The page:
UT Hosts Symposium for Women in Science

KNOXVILLE — A two-day symposium hosted by the University of Tennessee Oct. 15-16 aims to educate female scientists who are new to their careers about the unique challenges they face entering the world of research.

The Women in Science Symposium is targeted toward graduate students and postdoctoral researchers in the Knoxville area.

“Women have scientific leadership opportunities as never before, but careers in industry, government laboratories and academics also present some unique challenges,” said symposium organizer Jan Musfeldt, a professor of chemistry at UT. “Our hope is that this symposium can crystallize some of those issues and give attendees a perspective on how to best establish their career.”

The sessions run from noon to 6:30 p.m. on Oct. 15 and from 9 a.m. to 3 p.m. on Oct. 16.

Among the topics to be discussed at the event are issues related to balancing work and family life, including the challenges related to a dual-career household where each spouse is pursuing a scientific career. Another panel will address networking and the interview process, along with other information related to building a career in science.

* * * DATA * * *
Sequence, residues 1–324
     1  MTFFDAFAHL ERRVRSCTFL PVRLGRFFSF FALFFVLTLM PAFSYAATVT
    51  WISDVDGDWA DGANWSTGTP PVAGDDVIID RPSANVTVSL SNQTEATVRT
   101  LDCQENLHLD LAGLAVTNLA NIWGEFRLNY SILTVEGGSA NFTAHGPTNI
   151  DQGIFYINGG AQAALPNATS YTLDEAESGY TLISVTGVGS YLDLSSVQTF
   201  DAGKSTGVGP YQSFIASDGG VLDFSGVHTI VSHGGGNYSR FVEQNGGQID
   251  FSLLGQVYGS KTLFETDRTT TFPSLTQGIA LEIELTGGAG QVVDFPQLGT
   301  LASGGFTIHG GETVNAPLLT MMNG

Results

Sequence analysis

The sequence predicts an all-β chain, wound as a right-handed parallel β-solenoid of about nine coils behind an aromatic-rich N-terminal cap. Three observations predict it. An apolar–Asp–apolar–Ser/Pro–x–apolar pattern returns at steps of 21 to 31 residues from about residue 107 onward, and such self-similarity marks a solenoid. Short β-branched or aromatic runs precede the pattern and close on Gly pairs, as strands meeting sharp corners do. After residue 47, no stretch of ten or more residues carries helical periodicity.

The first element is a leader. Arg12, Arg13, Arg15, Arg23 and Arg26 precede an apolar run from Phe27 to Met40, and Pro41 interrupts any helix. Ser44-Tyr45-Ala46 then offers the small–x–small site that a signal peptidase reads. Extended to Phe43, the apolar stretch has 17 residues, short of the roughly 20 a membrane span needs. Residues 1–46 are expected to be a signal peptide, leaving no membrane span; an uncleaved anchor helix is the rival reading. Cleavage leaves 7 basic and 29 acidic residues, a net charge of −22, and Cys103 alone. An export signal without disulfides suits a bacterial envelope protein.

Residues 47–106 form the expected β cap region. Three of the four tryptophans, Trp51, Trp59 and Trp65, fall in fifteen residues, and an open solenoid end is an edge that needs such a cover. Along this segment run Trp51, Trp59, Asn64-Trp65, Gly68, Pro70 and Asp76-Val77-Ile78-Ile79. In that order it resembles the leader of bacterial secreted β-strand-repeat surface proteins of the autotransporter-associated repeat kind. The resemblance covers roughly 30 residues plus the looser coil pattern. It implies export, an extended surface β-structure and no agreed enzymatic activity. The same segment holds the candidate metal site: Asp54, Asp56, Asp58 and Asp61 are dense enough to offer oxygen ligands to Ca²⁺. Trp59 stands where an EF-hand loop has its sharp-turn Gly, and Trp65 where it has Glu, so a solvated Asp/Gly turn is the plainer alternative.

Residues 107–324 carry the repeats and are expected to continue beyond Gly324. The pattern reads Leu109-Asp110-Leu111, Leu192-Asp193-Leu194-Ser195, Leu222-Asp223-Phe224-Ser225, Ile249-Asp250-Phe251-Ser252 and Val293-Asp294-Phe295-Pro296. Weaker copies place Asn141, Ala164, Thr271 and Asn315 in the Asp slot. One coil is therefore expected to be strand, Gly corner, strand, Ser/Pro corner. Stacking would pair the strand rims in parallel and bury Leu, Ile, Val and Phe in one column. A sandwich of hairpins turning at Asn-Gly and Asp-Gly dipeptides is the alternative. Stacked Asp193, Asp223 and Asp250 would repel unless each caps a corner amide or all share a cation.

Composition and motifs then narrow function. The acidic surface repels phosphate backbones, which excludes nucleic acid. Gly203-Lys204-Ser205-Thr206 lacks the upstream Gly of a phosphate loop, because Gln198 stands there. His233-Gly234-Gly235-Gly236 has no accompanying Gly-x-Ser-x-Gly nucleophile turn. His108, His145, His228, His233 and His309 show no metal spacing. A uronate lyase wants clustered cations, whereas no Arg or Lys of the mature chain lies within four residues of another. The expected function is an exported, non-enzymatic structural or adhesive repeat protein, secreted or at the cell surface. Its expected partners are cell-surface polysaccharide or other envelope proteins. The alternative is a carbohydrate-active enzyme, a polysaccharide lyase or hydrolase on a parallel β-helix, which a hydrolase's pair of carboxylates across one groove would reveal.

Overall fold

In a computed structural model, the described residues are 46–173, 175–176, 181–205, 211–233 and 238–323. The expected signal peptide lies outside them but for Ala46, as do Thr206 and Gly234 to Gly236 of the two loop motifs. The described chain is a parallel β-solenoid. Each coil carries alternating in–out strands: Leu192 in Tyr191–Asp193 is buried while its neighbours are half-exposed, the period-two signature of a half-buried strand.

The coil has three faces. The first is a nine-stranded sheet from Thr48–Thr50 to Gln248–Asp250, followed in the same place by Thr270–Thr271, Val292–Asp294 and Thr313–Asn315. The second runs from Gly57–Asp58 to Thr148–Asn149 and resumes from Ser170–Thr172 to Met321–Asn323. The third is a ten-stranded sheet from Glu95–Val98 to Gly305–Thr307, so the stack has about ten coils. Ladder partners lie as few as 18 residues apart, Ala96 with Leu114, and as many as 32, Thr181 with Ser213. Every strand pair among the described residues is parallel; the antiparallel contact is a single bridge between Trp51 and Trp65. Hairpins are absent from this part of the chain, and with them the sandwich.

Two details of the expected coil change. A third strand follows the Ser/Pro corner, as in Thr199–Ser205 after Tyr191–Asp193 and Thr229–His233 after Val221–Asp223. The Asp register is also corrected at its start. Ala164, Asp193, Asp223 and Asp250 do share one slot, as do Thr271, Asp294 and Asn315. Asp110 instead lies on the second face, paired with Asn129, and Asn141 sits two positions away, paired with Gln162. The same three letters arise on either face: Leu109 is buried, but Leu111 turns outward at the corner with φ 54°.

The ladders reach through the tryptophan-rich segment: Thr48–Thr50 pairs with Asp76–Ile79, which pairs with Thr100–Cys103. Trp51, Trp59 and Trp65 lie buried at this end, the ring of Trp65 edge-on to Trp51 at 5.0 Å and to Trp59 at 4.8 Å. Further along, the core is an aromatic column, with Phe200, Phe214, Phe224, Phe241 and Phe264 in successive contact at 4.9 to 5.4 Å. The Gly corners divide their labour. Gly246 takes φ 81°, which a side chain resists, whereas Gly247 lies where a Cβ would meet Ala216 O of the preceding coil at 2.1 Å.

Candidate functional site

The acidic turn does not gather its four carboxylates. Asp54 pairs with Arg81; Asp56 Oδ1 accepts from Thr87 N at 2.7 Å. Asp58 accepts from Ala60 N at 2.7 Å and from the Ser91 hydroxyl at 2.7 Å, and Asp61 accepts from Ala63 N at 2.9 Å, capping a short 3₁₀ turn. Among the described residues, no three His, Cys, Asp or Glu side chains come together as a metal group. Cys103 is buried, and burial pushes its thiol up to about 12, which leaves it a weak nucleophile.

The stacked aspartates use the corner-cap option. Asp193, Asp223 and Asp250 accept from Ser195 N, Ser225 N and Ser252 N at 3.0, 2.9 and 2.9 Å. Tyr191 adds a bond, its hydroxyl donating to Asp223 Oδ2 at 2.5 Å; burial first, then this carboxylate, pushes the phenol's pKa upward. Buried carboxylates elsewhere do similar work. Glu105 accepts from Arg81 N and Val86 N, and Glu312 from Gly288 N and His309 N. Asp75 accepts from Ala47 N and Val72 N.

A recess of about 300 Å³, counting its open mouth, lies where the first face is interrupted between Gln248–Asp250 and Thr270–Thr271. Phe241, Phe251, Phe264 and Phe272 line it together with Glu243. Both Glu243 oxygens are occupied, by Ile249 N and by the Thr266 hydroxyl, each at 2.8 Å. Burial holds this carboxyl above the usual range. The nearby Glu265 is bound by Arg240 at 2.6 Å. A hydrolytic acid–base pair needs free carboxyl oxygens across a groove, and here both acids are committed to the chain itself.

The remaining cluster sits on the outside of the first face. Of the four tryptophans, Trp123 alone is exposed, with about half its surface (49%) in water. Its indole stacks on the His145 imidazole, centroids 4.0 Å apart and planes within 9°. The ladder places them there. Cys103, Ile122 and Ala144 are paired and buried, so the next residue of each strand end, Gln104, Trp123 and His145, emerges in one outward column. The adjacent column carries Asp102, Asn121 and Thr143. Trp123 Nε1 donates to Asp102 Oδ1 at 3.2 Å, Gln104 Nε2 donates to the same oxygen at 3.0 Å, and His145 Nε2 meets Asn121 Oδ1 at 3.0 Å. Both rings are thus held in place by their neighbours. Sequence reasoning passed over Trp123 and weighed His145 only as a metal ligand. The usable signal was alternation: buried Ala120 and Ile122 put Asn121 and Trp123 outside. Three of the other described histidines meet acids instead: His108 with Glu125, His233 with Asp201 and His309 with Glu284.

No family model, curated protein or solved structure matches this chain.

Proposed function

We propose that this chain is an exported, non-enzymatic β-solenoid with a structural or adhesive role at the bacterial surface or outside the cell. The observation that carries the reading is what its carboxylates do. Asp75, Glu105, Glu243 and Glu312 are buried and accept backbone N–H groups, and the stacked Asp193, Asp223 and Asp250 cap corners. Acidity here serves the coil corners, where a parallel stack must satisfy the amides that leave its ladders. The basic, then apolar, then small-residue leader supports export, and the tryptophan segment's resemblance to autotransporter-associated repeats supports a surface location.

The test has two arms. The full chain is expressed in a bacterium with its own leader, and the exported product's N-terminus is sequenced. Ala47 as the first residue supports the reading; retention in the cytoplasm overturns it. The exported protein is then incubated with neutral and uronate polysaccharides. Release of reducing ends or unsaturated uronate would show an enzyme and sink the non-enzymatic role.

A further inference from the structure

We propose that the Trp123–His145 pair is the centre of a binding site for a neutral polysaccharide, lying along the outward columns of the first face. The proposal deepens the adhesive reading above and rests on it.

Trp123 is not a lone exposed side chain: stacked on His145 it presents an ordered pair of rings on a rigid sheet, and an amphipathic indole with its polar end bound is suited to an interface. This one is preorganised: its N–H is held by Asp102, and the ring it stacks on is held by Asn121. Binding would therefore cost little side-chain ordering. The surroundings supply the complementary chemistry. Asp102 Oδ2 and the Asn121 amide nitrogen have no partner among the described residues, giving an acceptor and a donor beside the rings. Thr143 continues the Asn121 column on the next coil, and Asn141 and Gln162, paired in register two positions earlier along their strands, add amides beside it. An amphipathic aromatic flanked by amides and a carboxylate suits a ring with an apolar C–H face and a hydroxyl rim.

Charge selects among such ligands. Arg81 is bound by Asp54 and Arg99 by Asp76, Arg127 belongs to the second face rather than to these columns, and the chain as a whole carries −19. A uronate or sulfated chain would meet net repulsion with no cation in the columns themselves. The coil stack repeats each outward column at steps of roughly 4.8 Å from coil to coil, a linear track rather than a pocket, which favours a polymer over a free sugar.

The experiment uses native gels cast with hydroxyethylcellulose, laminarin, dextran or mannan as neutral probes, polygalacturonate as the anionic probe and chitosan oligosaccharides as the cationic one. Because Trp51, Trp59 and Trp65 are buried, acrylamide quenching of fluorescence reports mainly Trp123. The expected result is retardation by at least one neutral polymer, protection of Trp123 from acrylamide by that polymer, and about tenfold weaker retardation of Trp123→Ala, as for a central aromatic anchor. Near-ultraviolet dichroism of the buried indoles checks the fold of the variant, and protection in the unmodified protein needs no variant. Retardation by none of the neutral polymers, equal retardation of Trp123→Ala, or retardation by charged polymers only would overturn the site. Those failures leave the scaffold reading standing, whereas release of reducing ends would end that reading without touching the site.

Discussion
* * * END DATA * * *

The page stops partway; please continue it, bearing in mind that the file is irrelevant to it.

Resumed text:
A number of guest speakers will be featured throughout the symposium, including presenters from universities around the country discussing programs designed to benefit women in academic science. The symposium also features researchers from UT and Oak Ridge National Laboratory.

Guest speakers include Patricia Culligan of Columbia University, Barabra Jones of IBM’s Almaden Research Center, Lynette Masden and Laura Kramer of the National Science Foundation, Debra Rolinson of the U.S. Naval Research Laboratory, Marc Sher of the College of William and Mary, Christine Stevens of Saint Louis University and Anna Swan of Boston University.

Symposium organizers say the event, while focused on women’s issues, is open to participants of either gender.

“Certainly a number of the issues that we will discuss, from career preparedness to spouse issues, affect men as well as women,” said Musfeldt.

The symposium is free and no registration is required. Attendees are welcome to come and go from the event based on their schedule and the programs of interest to them.

More information on the Women in Science Symposium, including a listing of speakers and schedule of events, is available online at http://www.chem.utk.edu/~wis/.

The symposium is sponsored by a number of UT organizations, including the Office of the Chancellor, the Department of Chemistry, the Chemical Physics program, the Department of Physics, the Department of Mathematics, and the Department of Materials Science and Engineering.


Contacts:

Jay Mayfield (865-974-9409, jay.mayfield@tennessee.edu)
Jan Musfeldt (865-974-3392, musfeldt@utk.edu)